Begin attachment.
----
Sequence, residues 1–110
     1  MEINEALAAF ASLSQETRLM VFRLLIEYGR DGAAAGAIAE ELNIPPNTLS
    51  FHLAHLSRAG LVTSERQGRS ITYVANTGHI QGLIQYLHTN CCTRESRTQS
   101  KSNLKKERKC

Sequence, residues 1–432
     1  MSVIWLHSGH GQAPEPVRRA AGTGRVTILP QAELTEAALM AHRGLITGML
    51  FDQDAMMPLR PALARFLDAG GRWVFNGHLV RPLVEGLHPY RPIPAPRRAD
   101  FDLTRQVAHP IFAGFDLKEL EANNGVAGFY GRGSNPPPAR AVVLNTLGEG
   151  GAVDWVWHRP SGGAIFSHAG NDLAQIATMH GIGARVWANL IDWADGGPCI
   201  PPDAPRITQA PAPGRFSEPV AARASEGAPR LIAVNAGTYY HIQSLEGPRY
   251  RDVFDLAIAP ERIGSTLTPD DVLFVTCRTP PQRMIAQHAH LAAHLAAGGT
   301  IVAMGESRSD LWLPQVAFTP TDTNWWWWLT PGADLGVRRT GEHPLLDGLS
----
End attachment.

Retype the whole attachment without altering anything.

Sequence, residues 1–110
     1  MEINEALAAF ASLSQETRLM VFRLLIEYGR DGAAAGAIAE ELNIPPNTLS
    51  FHLAHLSRAG LVTSERQGRS ITYVANTGHI QGLIQYLHTN CCTRESRTQS
   101  KSNLKKERKC

Sequence, residues 1–432
     1  MSVIWLHSGH GQAPEPVRRA AGTGRVTILP QAELTEAALM AHRGLITGML
    51  FDQDAMMPLR PALARFLDAG GRWVFNGHLV RPLVEGLHPY RPIPAPRRAD
   101  FDLTRQVAHP IFAGFDLKEL EANNGVAGFY GRGSNPPPAR AVVLNTLGEG
   151  GAVDWVWHRP SGGAIFSHAG NDLAQIATMH GIGARVWANL IDWADGGPCI
   201  PPDAPRITQA PAPGRFSEPV AARASEGAPR LIAVNAGTYY HIQSLEGPRY
   251  RDVFDLAIAP ERIGSTLTPD DVLFVTCRTP PQRMIAQHAH LAAHLAAGGT
   301  IVAMGESRSD LWLPQVAFTP TDTNWWWWLT PGADLGVRRT GEHPLLDGLS